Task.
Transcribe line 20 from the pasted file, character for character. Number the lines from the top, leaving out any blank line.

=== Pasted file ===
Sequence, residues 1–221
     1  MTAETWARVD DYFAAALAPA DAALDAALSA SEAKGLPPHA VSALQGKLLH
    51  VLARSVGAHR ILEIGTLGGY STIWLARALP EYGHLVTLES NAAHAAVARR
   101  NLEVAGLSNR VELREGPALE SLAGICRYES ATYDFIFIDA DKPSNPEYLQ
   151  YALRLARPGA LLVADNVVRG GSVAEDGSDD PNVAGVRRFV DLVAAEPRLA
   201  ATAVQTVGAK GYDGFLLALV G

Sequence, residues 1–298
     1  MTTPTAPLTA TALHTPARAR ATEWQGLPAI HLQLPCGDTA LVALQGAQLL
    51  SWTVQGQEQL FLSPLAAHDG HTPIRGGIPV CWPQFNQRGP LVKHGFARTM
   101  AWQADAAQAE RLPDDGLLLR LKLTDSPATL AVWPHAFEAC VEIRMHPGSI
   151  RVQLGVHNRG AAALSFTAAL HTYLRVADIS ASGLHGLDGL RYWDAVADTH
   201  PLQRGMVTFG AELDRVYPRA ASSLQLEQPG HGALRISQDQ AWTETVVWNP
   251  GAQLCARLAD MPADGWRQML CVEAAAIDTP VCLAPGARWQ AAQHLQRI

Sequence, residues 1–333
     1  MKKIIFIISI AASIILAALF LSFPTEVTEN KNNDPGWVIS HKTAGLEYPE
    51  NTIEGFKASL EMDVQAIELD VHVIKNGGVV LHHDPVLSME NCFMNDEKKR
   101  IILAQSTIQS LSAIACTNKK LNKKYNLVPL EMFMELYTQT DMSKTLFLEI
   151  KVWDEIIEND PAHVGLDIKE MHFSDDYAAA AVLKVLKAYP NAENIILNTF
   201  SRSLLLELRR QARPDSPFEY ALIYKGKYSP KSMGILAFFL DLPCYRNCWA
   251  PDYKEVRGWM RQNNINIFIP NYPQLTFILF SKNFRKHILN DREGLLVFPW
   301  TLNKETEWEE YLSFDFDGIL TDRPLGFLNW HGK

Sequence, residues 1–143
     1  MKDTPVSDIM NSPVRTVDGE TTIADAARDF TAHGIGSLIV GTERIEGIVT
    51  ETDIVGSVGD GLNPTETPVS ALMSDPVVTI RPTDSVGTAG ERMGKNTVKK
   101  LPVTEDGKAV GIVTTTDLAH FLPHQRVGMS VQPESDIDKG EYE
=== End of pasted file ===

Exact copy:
   251  PDYKEVRGWM RQNNINIFIP NYPQLTFILF SKNFRKHILN DREGLLVFPW